La musica di Giacinto Scelsi a Cagliari View larger

La musica di Giacinto Scelsi a Cagliari

Online only

Author Antonio Trudu
Editor Mario Baroni e Alessandra Carlotta Pellegrini
Series Quaderni dell’Archivio Scelsi
Nr. 1
Size 17×24, pp.159
Year 2013
ISBN 9788870967517

Price 7,00 €

This paper is the result of a conviction that, in the ambit of the response to the music of Giacinto Scelsi, the experience of Cagliari – a city whose importance in Italian musical life certainly cannot be compared to that of centres like Rome, Milan, Venice, Florence, Naples, Turin – is indeed significant, and perhaps even unique in the Italian panorama.

Thanks above all to the intervention of Franco Oppo, a composer who has been interested in Scelsi’s music since the end of the Sixties and who also met Giacinto Scelsi himself twice at his Roman home (in 1965 and 1970), Cagliari has had the opportunity since the late Seventies to listen to Scelsi’s music at public concerts. In addition, questions relative to his music were examined and discussed during the Course of Nuova Didattica della Composizione (New Didactics of Composition) held by Oppo at Cagliari Conservatoire.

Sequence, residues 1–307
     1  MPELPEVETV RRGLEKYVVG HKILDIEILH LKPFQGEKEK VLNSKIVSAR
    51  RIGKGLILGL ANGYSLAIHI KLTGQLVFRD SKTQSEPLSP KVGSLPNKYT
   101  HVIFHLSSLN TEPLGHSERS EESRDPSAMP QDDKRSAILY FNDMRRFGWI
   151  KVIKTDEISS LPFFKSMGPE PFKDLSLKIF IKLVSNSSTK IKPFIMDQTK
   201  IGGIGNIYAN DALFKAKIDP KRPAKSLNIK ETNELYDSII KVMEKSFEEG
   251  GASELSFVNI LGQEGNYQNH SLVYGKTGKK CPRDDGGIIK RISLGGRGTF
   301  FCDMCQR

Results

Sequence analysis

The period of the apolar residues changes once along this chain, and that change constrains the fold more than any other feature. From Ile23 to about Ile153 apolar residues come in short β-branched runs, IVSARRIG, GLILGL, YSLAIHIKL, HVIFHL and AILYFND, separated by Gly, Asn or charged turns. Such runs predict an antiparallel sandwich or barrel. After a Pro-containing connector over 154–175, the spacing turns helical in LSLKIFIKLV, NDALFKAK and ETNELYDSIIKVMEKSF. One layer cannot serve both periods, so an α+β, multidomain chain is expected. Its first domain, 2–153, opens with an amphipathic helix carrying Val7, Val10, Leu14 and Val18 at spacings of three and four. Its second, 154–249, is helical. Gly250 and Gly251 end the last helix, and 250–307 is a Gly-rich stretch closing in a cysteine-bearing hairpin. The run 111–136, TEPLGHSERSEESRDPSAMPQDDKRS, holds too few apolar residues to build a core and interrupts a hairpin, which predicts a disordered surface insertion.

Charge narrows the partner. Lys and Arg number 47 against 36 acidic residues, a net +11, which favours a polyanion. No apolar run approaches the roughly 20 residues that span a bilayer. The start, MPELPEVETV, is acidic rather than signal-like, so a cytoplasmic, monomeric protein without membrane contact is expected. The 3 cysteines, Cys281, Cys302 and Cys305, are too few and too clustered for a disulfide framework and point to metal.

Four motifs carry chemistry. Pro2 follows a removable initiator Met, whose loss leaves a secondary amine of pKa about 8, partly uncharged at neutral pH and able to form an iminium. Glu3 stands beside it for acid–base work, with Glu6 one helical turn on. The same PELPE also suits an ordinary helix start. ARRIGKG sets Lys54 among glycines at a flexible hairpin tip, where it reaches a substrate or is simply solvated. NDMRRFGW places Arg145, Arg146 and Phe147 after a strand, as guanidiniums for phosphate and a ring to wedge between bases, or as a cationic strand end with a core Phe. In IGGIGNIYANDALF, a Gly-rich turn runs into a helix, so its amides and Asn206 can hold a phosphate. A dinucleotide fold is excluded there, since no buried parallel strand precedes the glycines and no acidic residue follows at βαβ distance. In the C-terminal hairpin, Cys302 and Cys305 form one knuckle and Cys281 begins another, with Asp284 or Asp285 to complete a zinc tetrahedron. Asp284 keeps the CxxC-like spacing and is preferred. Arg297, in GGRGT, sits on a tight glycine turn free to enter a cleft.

Utilizing some of the material contained in a degree thesis of which he was supervisor, the author of this paper follows three different but converging lines: reconstruction of the performances of Scelsi’s music during Cagliari concert seasons and festivals; list of seminar activities (conferences, seminars, university courses) dedicated to the figure of Giacinto Scelsi and to his music; verification of the influence of this music and of his musical philosophy traceable in the works of Cagliari composers, pupils of Franco Oppo.

Proof (or denial) of the uniqueness and significance of the Cagliari experience can only be decided when the study of the response to Scelsi’s music, both in Italy and abroad, is carried out systematically, verifying with the relevant data the performances of Scelsi’s music, the seminar activity dedicated to it and to his philosophy and the consequences of this experience apparent in the music of composers of subsequent generations.